In a word? No. If you’re trying to pick up the fundamentals of iOS and its Cocoa Touch APIs, you’re better served at this point by learning Objective C. Swift is a very young language. It changes month by month. Swift might represent the future of iOS development but the present chugs along powered by Objective C.
When you learn Objective C, you buy in not just to iOS but to a wide and healthy ecosystem of books, videos, tutorials, discussion groups, mailing lists and so forth. Yes, you may may argue that those resources skew towards API knowledge over language knowledge — but the language they provide that knowledge in is inarguably Objective C. You need experience with Foundation, UIKit, Quartz, AVFoundation, and so forth. Many devs earn that expertise studying examples from GitHub and StackOverflow. In Objective C.
Swift remains immature. You’ll find yourself spending as much time fighting the compiler as learning the language. You create Swift apps line by line, adapting prior platform experience to new language limitations, often struggling with cryptic error messages ($T4 anyone? Unwrapped optional?) that reflect how young these tools are.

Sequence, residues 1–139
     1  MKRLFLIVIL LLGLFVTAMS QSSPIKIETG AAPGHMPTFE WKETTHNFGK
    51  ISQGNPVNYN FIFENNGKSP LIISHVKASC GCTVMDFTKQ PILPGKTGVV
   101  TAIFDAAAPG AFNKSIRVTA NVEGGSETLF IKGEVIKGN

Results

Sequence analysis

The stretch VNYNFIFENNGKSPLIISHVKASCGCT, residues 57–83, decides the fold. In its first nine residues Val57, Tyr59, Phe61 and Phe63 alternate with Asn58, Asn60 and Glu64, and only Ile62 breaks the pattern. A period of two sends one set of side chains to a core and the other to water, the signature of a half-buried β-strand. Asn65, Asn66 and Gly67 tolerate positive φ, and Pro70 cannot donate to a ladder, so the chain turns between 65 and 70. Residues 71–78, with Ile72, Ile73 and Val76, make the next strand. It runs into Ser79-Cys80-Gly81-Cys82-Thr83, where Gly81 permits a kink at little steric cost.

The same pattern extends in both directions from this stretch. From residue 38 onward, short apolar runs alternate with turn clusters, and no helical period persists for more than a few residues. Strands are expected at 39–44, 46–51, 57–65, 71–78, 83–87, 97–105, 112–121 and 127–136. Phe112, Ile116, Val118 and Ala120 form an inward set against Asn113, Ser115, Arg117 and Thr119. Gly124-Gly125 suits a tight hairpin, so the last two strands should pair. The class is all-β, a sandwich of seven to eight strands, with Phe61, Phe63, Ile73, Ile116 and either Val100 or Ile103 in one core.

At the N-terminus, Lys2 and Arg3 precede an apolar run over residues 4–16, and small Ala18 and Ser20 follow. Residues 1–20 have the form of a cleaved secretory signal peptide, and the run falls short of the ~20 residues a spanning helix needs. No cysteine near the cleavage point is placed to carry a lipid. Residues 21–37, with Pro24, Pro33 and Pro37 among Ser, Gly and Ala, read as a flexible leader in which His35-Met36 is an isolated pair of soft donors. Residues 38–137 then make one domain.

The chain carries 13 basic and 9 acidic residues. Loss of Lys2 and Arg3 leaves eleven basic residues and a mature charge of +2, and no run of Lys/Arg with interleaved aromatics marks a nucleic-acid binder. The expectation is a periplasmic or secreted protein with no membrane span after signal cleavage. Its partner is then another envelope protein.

Sure, you may bring a lot of general knowledge and a strong computer science background, but what really matters at this point is going into development with an expectation of what you’re trying to build already on the ground. If you already know where you’re going, learning Swift will help get you there. If you’re new to iOS, there’s simply too much happening at once.
Right now many firms are searching for Swift-proficient developers. Whether this is a good idea or not is up for debate but what isn’t up for debate is what they’re really looking for: people who already know the frameworks and who know how to put software together for iOS. The Swift skills experienced devs are picking up right now are icing on the cake, and an investment in the future.